## A proof-producing decision procedure for real arithmetic (2005)

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Venue: | Automated deduction – CADE-20. 20th international conference on automated deduction |

Citations: | 24 - 3 self |

### BibTeX

@INPROCEEDINGS{Mclaughlin05aproof-producing,

author = {Sean Mclaughlin and John Harrison},

title = {A proof-producing decision procedure for real arithmetic},

booktitle = {Automated deduction – CADE-20. 20th international conference on automated deduction},

year = {2005},

pages = {295--314},

publisher = {Springer-Verlag}

}

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### Abstract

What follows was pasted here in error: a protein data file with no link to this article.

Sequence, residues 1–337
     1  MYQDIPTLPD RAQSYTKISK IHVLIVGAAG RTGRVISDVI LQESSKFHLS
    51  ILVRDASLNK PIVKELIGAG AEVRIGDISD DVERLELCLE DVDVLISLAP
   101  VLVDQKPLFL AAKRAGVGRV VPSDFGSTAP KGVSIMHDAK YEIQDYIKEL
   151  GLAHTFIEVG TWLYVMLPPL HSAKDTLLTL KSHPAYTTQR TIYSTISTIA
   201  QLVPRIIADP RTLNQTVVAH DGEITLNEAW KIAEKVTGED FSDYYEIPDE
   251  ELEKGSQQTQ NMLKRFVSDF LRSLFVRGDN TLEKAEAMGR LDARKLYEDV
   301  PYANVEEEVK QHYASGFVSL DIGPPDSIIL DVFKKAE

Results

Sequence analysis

Abstract. We present a fully proof-producing implementation of a quantifierelimination procedure for real closed fields. To our knowledge, this is the first generally useful proof-producing implementation of such an algorithm. Whilemany problems within the domain are intractable, we demonstrate convincing examples of its value in interactive theorem proving. 1 Overview and related work Arguably the first automated theorem prover ever written was for a theory of lineararithmetic [8]. Nowadays many theorem proving systems, even those normally classified as `interactive ' rather than `automatic', contain procedures to automate routinearithmetical reasoning over some of the supported number systems like N, Z, Q, R and C. Experience shows that such automated support is invaluable in relieving users ofwhat would otherwise be tedious low-level proofs. We can identify several very common limitations of such procedures:- Often they are restricted to proving purely universal formulas rather than dealingwith arbitrary quantifier structure and performing general quantifier elimination.- Often they are not complete even for the supported class of formulas; in partic-ular procedures for the integers often fail on problems that depend inherently on divisibility properties (e.g. 8x y 2 Z. 2x + 1 6 = 2y)- They seldom handle non-trivial nonlinear reasoning, even in such simple cases as 8x y 2 R. x> 0 ^ y> 0) xy> 0, and those that do [18] tend to use heuristicsrather than systematic complete methods.- Many of the procedures are standalone decision algorithms that produce no certifi-cate of correctness and do not produce a `proof ' in the usual sense. The earliest serious exception is described in [4]. Many of these restrictions are not so important in practice, since subproblems aris-ing in interactive proof can still often be handled effectively. Indeed, sometimes the restrictions are unavoidable: Tarski's theorem on the undefinability of truth implies thatthere cannot even be a complete semidecision procedure for nonlinear reasoning over